The knotty plot that follows demands close attention but never becomes too difficult (or self-consciously opaque) to follow. It involves multiple trips back and forth across the U.S.-Mexico border as the agents attempt to use one high-ranking cartel boss (Bernardo Saracino) to flush out an even bigger one (Julio Cesar Cedillo), though exactly why is a crucial detail “Sicario” holds close to the vest until late in the third act. In the meantime, Villeneuve stages one extraordinary suspense setpiece after another, starting with an epic traffic jam at the border that ensnares the Americans just as they are heading back home with a piece of very precious cargo in tow. Using no special tricks — just the sharp, color-saturated compositions of cinematographer Roger Deakins; the airtight cutting of editor Joe Walker; and the subtly menacing score of composer Johan Johannsson — Villeneuve creates a sequence as nail-biting as any “Fast and the Furious” car chase, except that here all the cars are standing perfectly still.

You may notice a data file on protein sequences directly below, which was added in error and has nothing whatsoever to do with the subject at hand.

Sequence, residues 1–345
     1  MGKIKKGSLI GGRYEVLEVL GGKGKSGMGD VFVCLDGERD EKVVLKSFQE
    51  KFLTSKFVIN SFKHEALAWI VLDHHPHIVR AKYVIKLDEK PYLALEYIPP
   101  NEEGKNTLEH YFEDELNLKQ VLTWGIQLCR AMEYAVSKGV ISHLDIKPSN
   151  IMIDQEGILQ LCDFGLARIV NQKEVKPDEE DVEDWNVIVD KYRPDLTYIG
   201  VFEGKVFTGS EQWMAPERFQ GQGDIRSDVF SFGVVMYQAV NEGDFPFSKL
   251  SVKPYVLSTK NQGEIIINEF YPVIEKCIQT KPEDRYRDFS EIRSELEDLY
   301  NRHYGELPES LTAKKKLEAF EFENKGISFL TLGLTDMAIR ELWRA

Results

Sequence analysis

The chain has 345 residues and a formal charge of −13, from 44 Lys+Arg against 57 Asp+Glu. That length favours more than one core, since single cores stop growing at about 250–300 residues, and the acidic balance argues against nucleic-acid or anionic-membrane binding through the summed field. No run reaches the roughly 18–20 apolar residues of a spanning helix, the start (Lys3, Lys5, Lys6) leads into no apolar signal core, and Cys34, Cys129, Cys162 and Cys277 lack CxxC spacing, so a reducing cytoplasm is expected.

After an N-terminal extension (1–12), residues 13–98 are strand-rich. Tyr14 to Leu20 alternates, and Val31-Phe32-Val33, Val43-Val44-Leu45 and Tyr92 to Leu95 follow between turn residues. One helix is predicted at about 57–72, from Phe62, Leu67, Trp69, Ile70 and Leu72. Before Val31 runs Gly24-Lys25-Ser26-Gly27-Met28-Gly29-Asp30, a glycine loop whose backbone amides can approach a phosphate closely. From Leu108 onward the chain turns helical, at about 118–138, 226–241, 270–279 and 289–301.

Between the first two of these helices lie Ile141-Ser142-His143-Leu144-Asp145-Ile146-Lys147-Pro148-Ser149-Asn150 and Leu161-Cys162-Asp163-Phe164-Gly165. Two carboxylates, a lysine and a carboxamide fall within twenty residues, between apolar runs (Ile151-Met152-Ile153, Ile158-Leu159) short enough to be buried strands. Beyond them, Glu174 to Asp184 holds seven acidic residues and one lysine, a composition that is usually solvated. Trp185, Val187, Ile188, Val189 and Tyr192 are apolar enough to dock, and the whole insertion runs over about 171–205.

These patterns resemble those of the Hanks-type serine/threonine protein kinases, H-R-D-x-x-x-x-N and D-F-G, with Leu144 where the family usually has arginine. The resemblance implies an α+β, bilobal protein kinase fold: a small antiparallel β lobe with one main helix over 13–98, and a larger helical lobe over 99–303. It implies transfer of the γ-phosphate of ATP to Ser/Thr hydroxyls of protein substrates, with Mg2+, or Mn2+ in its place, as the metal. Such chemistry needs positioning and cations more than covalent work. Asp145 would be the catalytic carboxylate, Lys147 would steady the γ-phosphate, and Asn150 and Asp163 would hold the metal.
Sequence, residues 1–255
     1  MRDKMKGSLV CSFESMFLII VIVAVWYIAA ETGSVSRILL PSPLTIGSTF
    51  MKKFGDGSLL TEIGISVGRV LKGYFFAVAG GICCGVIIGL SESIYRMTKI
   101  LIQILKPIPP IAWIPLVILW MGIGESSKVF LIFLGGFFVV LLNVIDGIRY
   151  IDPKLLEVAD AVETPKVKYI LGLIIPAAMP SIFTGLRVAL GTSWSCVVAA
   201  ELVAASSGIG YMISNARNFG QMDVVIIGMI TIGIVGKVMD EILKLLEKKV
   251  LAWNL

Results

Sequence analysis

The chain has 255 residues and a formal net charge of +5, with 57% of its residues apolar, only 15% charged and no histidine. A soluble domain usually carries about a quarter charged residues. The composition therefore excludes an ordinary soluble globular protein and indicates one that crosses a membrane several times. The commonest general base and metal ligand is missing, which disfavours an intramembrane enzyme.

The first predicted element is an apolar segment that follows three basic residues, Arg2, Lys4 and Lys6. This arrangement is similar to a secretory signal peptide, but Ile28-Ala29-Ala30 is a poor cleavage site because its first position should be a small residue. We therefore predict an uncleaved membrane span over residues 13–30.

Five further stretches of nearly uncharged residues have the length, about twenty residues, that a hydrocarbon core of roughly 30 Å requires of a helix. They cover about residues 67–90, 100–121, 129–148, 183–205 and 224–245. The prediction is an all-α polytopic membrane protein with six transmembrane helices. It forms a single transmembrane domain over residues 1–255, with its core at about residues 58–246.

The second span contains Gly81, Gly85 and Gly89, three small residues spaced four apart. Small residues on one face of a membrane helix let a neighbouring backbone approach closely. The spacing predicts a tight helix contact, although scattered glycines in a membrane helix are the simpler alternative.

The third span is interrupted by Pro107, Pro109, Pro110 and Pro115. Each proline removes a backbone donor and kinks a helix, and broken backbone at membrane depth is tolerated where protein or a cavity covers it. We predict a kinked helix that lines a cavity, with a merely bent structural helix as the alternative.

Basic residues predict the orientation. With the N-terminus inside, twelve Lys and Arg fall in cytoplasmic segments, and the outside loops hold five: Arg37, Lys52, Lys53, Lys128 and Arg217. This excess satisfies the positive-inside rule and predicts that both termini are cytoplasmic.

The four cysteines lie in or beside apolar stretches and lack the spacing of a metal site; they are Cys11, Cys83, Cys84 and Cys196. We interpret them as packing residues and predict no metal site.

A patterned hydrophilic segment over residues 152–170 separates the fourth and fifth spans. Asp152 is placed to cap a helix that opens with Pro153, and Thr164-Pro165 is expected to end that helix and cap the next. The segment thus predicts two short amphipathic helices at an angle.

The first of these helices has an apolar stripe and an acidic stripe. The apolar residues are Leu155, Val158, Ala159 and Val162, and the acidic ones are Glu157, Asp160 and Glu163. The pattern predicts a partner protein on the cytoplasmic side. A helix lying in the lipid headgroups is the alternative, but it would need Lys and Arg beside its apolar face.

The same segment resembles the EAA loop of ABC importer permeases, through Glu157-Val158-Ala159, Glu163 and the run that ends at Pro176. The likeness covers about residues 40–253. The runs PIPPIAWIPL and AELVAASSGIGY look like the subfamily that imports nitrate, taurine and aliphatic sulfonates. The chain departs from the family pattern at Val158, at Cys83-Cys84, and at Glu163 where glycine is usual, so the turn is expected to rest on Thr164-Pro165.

As in the films of Clint Eastwood (whose “Mystic River” exuded an obvious influence on “Prisoners”) and Michael Mann, the violence in Villeneuve’s work is savage and startling, but never overstated or sensationalized, and every bullet fired ripples with consequences for both the victim and the trigger man (or, as the case may be, woman). Navigating the crossfire, Blunt is mesmerizing to watch, her intense blue eyes ablaze with intelligence as she tries to sort out the facts of the case from its attendant fictions, and whether Graver and Alejandro’s endgame justifies its ethically dubious means.